NEW environmentally friendly methods for laying housing foundations on peatland could help economic development in parts of the Highlands and islands, it has been claimed.

A research consortium led by Edinburgh Napier University and Heriot-Watt University is assessing the feasibility of a range of construction methods to minimise disturbance to peat in areas where its presence currently limits building options.

The research is supported by the Scottish Government, Highland Council, Highlands and Islands Enterprise (HIE), Construction Scotland Innovation Centre (CSIC), JAHAMA Highland Estates, the Scottish Environment Protection Agency (SEPA), NatureScot and ECOSystems Tech Ltd.

Peatland plays an important role in Scotland’s natural landscape and ecosystem, comprising dead and decaying plant material with carbon captured in the remains.

As much as 20 per cent of Scottish land is covered in peat soil, which serves as a significant carbon store for more than 1.7 billion tonnes of carbon–equivalent to 140 years’ worth of Scotland’s total annual greenhouse gas emissions. However, the soil is often unsuitable for building on because of low strength, landslide risks and its tendency to deform under load.

In parts of the Highlands and islands, where peatland is commonly found, new housing is in short supply, and some sites targeted for development are complicated by the presence of peat.

Finding viable, sustainable methods for building on peatland that align with restoration work already under way could transform Scotland’s approach 
to rural housing, however.

It is claimed good quality, affordable homes could help to reverse population decline and promote economic growth in rural areas, encouraging a young and talented workforce to move to and stay in the Highlands and islands.

Construction teams have previously relied on excavate-and-replace techniques, but the new project will explore a number of options that allow peat to be left in place, such as deep-soil-mixing, and piling.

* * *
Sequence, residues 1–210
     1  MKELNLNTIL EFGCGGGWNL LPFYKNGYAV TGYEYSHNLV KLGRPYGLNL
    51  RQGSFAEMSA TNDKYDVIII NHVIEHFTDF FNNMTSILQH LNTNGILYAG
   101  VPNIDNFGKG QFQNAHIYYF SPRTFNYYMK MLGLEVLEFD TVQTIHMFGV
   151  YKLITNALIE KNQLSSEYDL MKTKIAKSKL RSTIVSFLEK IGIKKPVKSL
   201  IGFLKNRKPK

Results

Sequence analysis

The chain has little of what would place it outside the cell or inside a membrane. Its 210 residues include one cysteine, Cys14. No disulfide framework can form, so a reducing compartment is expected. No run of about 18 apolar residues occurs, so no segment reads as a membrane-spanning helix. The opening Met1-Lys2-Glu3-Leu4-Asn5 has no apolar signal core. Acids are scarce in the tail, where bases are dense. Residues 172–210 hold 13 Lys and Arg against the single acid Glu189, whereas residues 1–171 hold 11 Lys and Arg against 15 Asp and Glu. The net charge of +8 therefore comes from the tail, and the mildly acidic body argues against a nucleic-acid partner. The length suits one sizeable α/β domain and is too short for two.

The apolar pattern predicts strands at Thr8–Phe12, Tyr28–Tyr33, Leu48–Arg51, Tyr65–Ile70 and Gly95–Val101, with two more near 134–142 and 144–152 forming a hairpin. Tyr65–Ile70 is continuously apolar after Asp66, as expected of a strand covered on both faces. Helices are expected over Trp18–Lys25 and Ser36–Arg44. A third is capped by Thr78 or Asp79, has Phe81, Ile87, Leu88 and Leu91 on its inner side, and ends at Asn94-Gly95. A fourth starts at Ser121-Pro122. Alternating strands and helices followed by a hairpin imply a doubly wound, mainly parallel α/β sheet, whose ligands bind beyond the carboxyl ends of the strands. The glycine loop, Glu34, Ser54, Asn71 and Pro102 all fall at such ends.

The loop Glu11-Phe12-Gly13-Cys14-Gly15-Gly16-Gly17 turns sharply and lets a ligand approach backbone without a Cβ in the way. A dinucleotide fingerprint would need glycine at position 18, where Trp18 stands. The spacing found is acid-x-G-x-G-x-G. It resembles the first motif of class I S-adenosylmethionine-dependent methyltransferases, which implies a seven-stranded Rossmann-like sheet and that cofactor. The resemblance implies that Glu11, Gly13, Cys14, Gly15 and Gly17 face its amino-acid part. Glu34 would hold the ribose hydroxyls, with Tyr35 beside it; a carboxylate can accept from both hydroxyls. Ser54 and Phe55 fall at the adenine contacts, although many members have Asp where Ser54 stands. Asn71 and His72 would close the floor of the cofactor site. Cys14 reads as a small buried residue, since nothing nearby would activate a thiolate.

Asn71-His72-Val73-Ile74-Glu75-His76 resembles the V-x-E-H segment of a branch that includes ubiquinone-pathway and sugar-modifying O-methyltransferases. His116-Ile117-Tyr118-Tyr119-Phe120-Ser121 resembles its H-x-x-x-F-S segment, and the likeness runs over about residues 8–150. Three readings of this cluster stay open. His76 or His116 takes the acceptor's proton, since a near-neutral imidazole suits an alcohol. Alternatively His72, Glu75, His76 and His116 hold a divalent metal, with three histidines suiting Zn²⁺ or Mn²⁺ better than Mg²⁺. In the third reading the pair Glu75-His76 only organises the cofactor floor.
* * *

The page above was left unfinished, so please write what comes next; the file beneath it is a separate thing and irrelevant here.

Timber piling would use tree trunks or long poles of timber to carry the foundations of a building. Disturbance of the peatland would be minimised, especially the presence of groundwater, which is essential if peat is to continue to accumulate.

The aim of the first phase of the project is to assess and compare the geotechnical suitability, environmental impact, logistics and cost implications of the different approaches. In a second phase, live field trials are planned to assess the suitability of proposed solutions.

The research is supported by the Scottish Government, Highland Council, Highlands and Islands Enterprise (HIE), Construction Scotland Innovation Centre (CSIC), JAHAMA Highland Estates, the Scottish Environment Protection Agency, NatureScot and ECOSystems Tech Ltd.

Dr John McDougall, of Edinburgh Napier University, said: “Peatland has long posed a challenge to construction, the solution to which has commonly been an aggressive practice of removal.

“More recently, planners, environmental agencies and engineers have become increasingly aware of the very significant role of intact peat in the carbon cycle. In this context, it is exciting to be leading a re-evaluation of foundation options in the context of geotechnical, environmental and economic factors.”

Councillor Trish Robertson, chairwoman of Highland Council’s Economy and Infrastructure Committee, said: “Highland Council is happy to support this research project as a way of exploring innovative ways of achieving our objectives of delivering more affordable housing and inclusive economic growth, while safeguarding better croft and other agricultural land, and reducing the carbon emissions presently caused by development on poorer agricultural land, which often contains significant peat deposits.”

“I am hopeful that the results of the research can have a practical application for future developments and help us even better achieve our objectives.”

Scott Dingwall, head of regional development for Lochaber, Skye and Wester Ross at HIE, said the availability of suitable affordable housing was a key factor in development across the Highlands and islands.

He added: “This innovative project has the potential to make it feasible to develop housing in areas where it previously would not have been considered. This could benefit rural economies and strengthen local communities, while protecting some of the region’s outstanding natural features.

As such, it could be a key element in our shift towards a carbon neutral economy and achieving our net-zero targets.”

Andrew Nurse, project manager at CSIC, said: “In line with Scotland’s goals for net-zero, especially in the construction sector, we are looking at more sustainable options, such as timber piles, as a solution for building on peatland that could also make use of local, home-grown materials. 

“Once we have reached conclusions from the feasibility study, the next 
stage will be to conduct a series of on-site trials.”